Concourt rules ‘amigos’ trial was not unfair

2014-03-21 00:00

THE Constitutional Court has ruled that legislation under which the so-called “amigos” corruption trial accused, Gaston Savoi and two co-accused, are charged is not unconstitutional and will not render their trial unfair.

The Constitutional Court judgment, handed down yesterday, gives the green light to the state to proceed with the trial against Savoi and 10 others in the case.

They are charged with racketeering, corruption, money laundering and infringements of the Public Finance Management Act.

The case is expected to proceed in the high court in Durban in January next year.

Savoi, his company Intaka Holdings and co-accused, Fernando Praderi, launched a pre-trial application in the Pietermaritzburg high court last year, in which their lawyers challenged the constitutionality of sections of the Prevention of Organised Crime Act (Poca).

They attacked the “racketeering” laws under which the accused were charged on a number of grounds, including that they were “too broad” and were open to manipulation.

In yesterday’s judgment, the Constitutional Court found in a unanimous judgment that the definition of “pattern of racketeering activity” was quite clear and therefore was not void for vagueness.

The court ruled that while laws must be written in clear and accessible terms, this does not require perfect lucidity.

“The acceptable standard is no higher than reasonable certainty. The impugned provisions meet this standard,” it ruled.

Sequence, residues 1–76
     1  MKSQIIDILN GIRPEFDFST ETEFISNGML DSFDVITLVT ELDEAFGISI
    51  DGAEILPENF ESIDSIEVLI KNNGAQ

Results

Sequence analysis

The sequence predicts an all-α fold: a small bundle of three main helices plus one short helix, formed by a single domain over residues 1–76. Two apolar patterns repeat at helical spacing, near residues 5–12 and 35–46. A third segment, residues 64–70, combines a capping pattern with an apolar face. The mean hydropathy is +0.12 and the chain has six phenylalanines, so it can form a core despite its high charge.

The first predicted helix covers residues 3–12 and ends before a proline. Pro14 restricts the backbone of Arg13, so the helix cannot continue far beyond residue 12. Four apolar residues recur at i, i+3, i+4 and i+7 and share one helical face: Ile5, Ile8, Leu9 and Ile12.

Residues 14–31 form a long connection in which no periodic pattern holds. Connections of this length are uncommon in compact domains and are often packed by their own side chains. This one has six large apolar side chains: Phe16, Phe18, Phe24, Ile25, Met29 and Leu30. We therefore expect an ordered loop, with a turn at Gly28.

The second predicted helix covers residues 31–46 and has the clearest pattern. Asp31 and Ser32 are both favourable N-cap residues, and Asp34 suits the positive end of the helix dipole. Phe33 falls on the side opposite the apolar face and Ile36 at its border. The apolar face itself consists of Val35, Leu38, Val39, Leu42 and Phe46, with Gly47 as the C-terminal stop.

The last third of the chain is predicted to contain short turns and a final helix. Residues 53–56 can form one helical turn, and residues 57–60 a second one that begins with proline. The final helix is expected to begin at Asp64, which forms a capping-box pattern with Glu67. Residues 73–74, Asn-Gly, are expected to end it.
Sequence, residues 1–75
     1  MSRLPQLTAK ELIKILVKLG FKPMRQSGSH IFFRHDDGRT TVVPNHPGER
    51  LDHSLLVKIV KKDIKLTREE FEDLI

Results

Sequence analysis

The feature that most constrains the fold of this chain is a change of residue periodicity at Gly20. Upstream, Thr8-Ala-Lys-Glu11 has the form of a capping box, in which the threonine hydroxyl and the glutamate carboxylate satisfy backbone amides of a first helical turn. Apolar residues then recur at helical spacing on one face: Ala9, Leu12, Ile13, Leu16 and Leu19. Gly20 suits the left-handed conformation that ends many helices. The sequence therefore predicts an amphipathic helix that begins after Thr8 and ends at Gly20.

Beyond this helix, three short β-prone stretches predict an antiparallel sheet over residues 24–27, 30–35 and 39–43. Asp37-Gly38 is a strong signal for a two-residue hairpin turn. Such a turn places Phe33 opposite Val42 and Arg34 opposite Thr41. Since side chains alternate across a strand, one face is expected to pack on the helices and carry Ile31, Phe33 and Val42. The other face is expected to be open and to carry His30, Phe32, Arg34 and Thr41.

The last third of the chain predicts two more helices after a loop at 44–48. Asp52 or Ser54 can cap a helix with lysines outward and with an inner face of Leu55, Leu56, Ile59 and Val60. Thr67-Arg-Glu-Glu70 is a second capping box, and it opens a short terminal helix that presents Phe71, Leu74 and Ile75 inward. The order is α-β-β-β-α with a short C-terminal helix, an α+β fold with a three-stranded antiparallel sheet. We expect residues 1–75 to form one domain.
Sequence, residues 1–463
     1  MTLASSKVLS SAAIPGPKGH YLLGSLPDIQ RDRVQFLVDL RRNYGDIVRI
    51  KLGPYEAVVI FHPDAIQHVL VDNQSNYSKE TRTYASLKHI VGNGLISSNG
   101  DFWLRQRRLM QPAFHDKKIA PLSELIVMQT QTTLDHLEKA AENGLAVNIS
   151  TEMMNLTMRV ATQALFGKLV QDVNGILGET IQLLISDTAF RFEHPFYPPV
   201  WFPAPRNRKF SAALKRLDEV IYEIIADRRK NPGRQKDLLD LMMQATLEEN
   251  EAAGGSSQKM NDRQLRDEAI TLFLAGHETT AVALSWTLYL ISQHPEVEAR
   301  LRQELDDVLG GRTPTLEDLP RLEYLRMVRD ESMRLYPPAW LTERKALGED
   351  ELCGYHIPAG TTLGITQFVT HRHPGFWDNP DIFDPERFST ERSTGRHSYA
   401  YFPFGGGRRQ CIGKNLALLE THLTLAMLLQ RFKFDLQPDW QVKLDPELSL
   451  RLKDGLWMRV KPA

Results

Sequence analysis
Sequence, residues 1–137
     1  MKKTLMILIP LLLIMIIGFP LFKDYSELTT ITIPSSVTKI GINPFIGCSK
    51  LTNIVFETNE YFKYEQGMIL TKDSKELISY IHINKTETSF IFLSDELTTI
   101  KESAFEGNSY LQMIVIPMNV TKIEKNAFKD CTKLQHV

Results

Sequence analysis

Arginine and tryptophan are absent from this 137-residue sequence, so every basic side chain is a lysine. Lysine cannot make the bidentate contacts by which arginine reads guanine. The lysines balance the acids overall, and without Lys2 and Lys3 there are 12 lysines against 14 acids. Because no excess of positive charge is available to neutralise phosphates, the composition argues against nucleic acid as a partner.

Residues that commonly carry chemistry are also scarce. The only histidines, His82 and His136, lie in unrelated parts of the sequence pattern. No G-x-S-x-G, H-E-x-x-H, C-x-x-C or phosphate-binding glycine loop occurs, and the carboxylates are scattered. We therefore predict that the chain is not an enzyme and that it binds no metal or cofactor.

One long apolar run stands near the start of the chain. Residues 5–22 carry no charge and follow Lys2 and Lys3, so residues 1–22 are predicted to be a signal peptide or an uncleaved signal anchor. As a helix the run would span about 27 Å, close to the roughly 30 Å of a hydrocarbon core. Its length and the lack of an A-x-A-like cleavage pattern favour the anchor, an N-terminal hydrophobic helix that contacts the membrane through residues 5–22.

The Constitutional Court also ruled that a trial is not automatically rendered unfair purely because of the admission of evidence that is ordinarily inadmissible.

This was a matter best left for the trial court to decide based on the evidence before it, it said.

It also disagreed with a finding by Pietermaritzburg high court Judge Isaac Madondo that certain paragraphs of the Poca were unconstitutional to the extent that they contained the words “ought reasonably to have known”, and dismissed all the arguments that the legislation did not comply with the Constitution.

The case against Savoi and his co-accused relate to the supply of water purification and oxygen plants to the KwaZulu-Natal Health and Local Government departments.

The state alleges that Savoi and his company, Intaka, won the tenders for the supplies by corrupt means.

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